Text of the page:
SIERA is one of the best saber tools for measuring the true effectiveness of a pitcher. The pitchers with the lowest SIERA tend to be the most valuable in Fantasy. Here is the explanation of SIERA and why you should incorporate it into your Fantasy toolbox for evaluating pitchers. Big thanks to the guys at Fan Graphs for the following info. Lastly, a list the top SIERA pitchers in the Majors.
SIERA attempts to answer the question: what is the underlying skill level of this pitcher? How well did they actually pitch over the past year? Should their ERA have been higher, lower, or was it about right?
But while FIP and xFIP largely ignore balls in play — they focus on strikeouts, walks, and homeruns instead — SIERA adds in complexity in an attempt to more accurately model what makes a pitcher successful. SIERA doesn’t ignore balls in play, but attempts to explain why certain pitchers are more successful at limiting hits and preventing runs. This is the strength of SIERA; while it is only slightly more predictive than xFIP, SIERA tells us more about the how and why of pitching.
Here’s what SIERA tells us:
Strikeouts are good…even better than FIP suggests. High strikeout pitchers generate weaker contact, which means they allow fewer hits (AKA have lower BABIPs) and have lower homerun rates. The same can be said of relievers, as they enter the game for a short period of time and pitch with more intensity.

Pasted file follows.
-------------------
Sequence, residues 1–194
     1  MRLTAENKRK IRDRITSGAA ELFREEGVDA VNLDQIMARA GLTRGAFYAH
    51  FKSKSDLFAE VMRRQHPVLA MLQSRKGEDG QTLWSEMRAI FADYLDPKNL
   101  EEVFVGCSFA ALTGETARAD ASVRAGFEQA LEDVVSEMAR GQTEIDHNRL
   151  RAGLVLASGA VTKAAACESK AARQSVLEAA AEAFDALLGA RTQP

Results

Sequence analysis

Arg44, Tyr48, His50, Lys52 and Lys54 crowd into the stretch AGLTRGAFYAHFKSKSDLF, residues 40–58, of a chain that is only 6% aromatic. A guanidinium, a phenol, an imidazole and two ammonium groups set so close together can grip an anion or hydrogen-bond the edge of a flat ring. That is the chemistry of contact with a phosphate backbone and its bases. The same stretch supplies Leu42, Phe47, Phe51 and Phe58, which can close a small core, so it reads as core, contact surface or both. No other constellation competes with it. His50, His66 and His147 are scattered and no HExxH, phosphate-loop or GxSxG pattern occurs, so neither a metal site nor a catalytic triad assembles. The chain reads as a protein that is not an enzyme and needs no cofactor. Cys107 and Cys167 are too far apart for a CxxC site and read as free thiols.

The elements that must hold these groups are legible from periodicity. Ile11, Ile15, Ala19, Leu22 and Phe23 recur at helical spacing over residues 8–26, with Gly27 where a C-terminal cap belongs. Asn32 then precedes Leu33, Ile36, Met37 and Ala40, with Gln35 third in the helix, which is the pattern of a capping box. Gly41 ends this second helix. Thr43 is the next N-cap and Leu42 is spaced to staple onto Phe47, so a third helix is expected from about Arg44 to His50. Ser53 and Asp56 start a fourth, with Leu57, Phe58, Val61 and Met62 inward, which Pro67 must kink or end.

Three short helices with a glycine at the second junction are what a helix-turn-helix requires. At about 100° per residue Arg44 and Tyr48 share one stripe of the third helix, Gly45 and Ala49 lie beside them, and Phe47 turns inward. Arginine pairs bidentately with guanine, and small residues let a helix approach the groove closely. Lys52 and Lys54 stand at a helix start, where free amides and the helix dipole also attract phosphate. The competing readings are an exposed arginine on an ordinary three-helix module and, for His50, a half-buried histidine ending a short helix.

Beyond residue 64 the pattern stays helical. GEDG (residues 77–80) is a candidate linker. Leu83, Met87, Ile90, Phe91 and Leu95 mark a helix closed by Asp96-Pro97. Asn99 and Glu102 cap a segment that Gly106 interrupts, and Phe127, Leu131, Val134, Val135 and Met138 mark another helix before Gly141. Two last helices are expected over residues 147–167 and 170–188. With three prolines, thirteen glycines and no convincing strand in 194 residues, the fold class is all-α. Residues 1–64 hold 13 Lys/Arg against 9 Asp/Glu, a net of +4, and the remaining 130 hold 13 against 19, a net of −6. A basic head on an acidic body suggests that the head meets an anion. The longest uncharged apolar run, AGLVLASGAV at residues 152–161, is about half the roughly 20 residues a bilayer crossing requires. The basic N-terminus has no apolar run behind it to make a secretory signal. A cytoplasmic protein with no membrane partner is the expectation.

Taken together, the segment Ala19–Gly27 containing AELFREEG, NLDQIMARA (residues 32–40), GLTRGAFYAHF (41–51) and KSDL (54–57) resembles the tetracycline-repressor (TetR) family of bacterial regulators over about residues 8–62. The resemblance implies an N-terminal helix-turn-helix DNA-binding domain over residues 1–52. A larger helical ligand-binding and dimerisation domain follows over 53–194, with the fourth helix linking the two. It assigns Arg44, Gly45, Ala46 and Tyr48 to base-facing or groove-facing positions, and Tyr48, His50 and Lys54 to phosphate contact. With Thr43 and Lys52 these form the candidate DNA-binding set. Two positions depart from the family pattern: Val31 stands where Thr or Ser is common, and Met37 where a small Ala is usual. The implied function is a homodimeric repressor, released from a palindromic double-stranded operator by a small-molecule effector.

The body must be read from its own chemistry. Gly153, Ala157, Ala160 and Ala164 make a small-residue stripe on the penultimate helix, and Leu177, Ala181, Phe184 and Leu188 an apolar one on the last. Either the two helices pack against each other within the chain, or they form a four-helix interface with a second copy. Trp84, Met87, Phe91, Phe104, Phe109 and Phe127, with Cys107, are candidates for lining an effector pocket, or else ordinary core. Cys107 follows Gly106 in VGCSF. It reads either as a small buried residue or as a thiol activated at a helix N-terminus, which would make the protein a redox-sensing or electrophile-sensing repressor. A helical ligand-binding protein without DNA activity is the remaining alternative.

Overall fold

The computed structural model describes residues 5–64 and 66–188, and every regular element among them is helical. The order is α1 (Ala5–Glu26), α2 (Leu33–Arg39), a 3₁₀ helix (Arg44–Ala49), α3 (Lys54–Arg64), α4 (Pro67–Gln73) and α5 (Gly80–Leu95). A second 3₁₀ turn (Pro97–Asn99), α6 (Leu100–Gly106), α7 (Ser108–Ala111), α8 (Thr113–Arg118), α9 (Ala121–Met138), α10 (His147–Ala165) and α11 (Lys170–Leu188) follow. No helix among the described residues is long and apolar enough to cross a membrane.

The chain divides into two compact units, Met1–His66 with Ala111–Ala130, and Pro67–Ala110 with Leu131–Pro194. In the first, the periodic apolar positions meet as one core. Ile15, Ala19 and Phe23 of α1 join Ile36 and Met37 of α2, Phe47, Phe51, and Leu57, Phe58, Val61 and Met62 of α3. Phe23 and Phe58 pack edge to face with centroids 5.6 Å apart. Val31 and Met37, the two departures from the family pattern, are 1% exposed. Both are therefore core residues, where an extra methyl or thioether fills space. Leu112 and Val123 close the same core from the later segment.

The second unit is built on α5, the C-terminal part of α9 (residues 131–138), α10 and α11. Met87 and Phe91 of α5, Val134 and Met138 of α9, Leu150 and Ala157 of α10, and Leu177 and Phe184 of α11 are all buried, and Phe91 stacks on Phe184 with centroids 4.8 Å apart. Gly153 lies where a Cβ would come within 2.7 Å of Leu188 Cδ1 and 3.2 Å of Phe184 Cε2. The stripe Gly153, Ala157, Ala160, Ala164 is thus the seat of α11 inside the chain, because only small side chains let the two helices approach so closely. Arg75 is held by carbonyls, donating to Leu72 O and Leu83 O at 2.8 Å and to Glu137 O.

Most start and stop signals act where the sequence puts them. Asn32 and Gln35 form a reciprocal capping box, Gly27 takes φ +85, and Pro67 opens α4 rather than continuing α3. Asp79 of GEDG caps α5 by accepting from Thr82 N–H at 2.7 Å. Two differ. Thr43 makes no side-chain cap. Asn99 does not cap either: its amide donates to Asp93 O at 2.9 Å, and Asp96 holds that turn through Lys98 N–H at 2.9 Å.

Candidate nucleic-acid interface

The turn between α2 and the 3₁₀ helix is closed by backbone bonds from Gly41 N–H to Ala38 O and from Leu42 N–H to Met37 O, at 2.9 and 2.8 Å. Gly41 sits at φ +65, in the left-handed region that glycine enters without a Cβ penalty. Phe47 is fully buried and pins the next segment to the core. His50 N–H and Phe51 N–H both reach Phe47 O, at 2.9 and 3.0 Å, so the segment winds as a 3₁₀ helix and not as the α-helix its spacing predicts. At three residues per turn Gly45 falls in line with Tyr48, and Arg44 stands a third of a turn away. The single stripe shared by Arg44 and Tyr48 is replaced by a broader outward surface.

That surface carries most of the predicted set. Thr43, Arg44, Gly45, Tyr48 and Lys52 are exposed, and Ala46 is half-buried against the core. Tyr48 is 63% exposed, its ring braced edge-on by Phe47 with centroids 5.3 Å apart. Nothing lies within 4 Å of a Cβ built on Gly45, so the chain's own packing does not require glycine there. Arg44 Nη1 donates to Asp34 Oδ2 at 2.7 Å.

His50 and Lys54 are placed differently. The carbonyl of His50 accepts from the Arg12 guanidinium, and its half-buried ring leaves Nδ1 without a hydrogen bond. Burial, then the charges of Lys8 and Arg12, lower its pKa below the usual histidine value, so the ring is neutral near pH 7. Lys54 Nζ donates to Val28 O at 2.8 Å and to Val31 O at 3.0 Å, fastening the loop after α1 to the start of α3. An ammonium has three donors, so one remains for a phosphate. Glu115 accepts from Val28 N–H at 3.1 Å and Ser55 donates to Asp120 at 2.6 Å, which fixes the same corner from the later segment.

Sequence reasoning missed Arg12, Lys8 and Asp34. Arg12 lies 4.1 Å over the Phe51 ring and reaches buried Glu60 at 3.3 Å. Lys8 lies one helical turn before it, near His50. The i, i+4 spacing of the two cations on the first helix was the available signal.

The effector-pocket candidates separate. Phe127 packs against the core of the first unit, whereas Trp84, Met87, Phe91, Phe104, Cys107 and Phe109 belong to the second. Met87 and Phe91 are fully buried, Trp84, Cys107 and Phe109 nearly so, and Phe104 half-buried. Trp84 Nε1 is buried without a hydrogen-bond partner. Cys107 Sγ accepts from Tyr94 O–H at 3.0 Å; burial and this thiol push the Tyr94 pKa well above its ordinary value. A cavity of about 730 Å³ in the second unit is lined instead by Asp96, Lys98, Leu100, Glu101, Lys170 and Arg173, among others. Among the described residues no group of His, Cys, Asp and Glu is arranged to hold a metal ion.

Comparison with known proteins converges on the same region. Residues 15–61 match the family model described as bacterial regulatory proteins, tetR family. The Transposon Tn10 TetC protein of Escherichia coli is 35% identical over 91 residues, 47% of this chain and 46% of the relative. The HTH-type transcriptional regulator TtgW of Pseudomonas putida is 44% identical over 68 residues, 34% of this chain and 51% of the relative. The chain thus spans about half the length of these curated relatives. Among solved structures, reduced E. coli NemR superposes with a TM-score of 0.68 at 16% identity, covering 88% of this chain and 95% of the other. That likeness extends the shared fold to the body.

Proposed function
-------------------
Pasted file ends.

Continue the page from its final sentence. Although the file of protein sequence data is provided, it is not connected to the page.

Also, high strikeout pitchers can increase their groundball rate in double play situations. Situational pitching is a skill for pitchers with dominant stuff.
Walks are bad…but not that bad if you don’t allow many of them. Walks don’t hurt low-walk pitcher nearly as much as they hurt other pitchers, since low-walk pitchers can limit further base runners. Similarly, if a pitcher allows a large amount of base runners, they are more likely to allow a high percentage of those base runners to score.
Balls in play are complicated. In general, groundballs go for hits more often than fly balls (although they don’t result in extra base hits as often). But the higher a pitcher’s groundball rate, the easier it is for their defense to turn those ground balls into outs. In other words, a pitcher with a 55% groundball rate will have a lower BABIP on grounders than a pitcher with a 45% groundball rate. And if a pitcher walks a large number of batters and also has a high groundball rate, their double-play rate will be higher as well.